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Kettle time

burnt kettle

The latest example of why sleep is really helpful, both spiritually and economically. If my brain would only remember that I turned the water on, this poor kettle might not have been burnt (for the umpteenth time…)

The time has come, as you can clearly see, for a new tea kettle. I don’t want to disclose exactly how many times I have almost burned the house down by forgetting all about the boiling water in the pot… only to be reminded by a sharp and pungent smell of burning metal. This past time, the entire bottom of the pot was glowing a dull red. Let’s just say that this particular pot has used up it’s nine lives.

So on to the next one!

I am, of course, shopping around and taking forever to decide which new model gets the place of honor on our stove top, but I think I’ve narrowed it down to these… Let me know what you think:

Yanagi Tea kettle, from Japan.

Yanagi Tea kettle, from Japan.

Yanagi tea kettle. It just sounds impressive. This is the one my oft mentioned friend Nancy covets, and since, when it comes to choosing stuff for the home, I’d happily follow her off of a cliff, I too am desperately in love with it. Yanagi is one of Japan’s most admired and prolific designers, so it’s got artisan cred, plus it’s made out of durable stainless steel which… well… does not stain.

The Kaico Kettle, also from Japan

The Kaico Kettle, also from Japan

One might think that all good kettles come from Japan, but that is not true. Only most of the really-beautiful-and-slightly-more-expensive-than-I-want-to-pay ones do. Remodelista (a pox on you for being such a treasure trove of lust-worthy objects) has also offered up this lovely kettle designed by Shoei Kogyo. Called the Kaico Kettle, it has a white enamel coating over it’s steel interior, creating a thermally efficient and easy to clean pot. Which is good, because it’s wooden handle means it’s not dishwasher safe (I don’t care as we are dishwasher-free here in Brooklyn, but that may matter to some of you people out there).

Also priceless is the below description of this kettle that I found (poetically translated into English) on the Japanese website

To mass consumption in the family in the summer barley, etc Kama in the capacity of a little may be unsatisfactory, but think minutes to consume at any given time to make the just the right size. Size also put at kitchen kettle is also not in the way, love the look is very nice. Using, enjoying the look in the eyes. It may be this comfortable communing daily design leads to attachment.

I mean, who can resist buying the Kaico after reading that testimonial?

The Staub La Thiere tea pot in black cast iron.

The Staub La Thiere tea pot in black cast iron.

But then I think… Hmmm… Should I go back to the white enamel style? Or should I get something made of sterner stuff so as not to worry (as much) about burning the pot again and again? This thought turns my gaze towards the Staub La Theiere cast iron pot, the sturdiness of which I’m sure would have pleased even Ma from Little House on the Prairie. It’s sold on Amazon (of course) but it looks like right now there’s a bit of a sale happening via Remodelista, so it might be worth checking there first if this is your model of choice.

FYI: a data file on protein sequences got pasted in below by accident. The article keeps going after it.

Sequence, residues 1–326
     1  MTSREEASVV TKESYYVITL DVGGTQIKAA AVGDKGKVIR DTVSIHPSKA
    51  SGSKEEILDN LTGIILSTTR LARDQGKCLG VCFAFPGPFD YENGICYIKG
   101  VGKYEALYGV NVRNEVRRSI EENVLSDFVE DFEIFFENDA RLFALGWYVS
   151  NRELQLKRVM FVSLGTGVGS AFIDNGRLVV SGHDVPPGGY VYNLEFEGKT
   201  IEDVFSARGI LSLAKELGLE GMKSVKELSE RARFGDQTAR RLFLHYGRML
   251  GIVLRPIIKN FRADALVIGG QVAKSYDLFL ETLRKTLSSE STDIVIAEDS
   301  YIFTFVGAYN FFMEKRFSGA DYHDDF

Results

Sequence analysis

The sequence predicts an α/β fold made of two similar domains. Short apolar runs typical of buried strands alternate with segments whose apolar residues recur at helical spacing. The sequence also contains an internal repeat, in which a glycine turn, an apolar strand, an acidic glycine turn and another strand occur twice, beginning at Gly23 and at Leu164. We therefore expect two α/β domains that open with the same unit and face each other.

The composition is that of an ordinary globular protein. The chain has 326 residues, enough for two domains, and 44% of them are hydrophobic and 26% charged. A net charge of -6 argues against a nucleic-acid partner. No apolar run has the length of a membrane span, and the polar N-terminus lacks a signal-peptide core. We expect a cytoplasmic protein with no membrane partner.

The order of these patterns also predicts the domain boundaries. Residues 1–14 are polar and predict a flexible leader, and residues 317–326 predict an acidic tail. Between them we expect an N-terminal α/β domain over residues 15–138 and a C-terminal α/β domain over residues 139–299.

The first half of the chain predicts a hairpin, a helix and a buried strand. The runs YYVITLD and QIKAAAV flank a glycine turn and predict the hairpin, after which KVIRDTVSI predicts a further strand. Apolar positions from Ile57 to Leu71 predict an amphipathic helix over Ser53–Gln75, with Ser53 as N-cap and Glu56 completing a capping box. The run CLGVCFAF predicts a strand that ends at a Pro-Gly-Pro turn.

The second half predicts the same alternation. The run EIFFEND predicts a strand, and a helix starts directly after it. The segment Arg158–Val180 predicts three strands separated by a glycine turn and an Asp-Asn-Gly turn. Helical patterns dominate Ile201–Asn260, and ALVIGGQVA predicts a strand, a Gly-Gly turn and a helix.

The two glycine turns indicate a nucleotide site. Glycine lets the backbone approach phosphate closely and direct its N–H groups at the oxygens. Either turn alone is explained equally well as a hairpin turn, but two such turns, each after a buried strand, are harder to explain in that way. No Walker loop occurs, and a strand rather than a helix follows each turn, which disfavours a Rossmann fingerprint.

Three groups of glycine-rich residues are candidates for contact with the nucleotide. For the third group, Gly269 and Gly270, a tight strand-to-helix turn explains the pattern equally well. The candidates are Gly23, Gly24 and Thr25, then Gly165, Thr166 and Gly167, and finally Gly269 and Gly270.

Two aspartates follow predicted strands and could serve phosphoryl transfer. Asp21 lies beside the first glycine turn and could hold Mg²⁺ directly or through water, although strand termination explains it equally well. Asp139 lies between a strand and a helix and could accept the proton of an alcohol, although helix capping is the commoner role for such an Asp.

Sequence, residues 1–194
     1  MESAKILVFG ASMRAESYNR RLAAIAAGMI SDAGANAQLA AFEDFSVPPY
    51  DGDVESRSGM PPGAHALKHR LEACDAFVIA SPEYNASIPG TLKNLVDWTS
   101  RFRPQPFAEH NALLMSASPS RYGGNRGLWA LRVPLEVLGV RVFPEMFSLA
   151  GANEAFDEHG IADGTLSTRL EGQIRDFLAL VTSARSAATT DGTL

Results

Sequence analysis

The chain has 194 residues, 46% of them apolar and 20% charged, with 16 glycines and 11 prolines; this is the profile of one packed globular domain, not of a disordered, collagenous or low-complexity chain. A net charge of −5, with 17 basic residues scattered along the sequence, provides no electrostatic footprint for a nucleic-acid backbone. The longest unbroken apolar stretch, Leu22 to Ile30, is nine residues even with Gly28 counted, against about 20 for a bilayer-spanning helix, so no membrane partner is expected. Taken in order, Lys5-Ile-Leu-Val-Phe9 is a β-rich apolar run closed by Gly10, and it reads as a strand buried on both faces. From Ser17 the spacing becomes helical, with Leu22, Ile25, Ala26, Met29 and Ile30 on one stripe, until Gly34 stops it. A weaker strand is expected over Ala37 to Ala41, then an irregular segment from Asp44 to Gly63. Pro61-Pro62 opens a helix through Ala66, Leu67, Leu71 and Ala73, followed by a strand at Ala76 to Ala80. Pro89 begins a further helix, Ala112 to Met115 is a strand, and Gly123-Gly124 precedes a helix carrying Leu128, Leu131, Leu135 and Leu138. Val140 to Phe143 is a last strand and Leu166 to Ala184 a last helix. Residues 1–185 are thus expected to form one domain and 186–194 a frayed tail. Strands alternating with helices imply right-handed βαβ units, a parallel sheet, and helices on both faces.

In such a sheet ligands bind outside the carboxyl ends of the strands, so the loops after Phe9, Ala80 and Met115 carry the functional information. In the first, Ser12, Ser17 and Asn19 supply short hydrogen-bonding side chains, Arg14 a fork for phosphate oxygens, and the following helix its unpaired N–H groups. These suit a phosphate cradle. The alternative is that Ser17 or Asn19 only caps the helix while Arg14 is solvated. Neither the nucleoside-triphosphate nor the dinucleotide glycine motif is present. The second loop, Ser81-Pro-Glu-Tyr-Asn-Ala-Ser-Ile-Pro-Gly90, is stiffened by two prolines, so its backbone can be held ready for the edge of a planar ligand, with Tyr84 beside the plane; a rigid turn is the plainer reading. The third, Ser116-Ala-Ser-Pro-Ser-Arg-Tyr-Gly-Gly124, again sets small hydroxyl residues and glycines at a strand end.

The Dualit cordless electric kettle

The Dualit cordless electric kettle

Or do I just bail on the whole stove top concept and get all modern and European with this electric kettle by Dualit? It’s not bad looking, can hang out anywhere on your counter and evidently has no cord, so you don’t have to worry about trying to run the plug behind the sink and over the spice rack to reach the one outlet in the kitchen. This would constitute a major life change for me, and I admit I am not sure I’m up to it. But I am putting it out there, in case any of you are leaning in this direction.

So there you have it. A few tea kettles to consider. Now the big mystery is in figuring out just how long it’s going to take me to actually make a decision for myself…

Comments (5)

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  1. Susanna

    Do it! Electric ones turn themselves off! Save your family! I keep meaning to do same.

  2. Gaia

    Electric is perfect! No problem ever with spacing out- except maybe having to hit the “on” button again. However, if you don’t want to go electric, I am of the mind that you need a “whistle” on the kettle (who has the luxury of standing by the stove watching water boil?). I know it’s not as good looking as the kettles you posted but I have an excellent relationship with the OXO kettles. Mine whistles, doesn’t burn your hand when picking up and cleans easily 10 years in. xo

  3. Brooke Williams Admin

    Hmmm… that’s 2 votes for electric. My only problem is the extremely limited counter space in my kitchen. And I’d love to say the whistle helps, but the sad reality is that I make most of my tea after my kid is in bed, so I leave the spout uncovered so as not to wake her. Hence the burnt kettle. I’m thinking I might put a dedicated timer in my office to remind me that the water is on… But then we have to shop for a timer… so much to do and so little time.

  4. Katrina

    I was going to ask which kettle you decided on, but I see in the comments you’re still on the fence. I’m getting rid of my vintage whistling tea kettle because the water pours too slowly and was really leaning towards the Staub. I will admit I’m a teensy bit apprehensive about how heavy it’s going to be filled with water AND the lack of whistle. I’m notorious for leaving things cooking on the stove while I’m reading in another room.

    PS I vote against the electric kettle :-)

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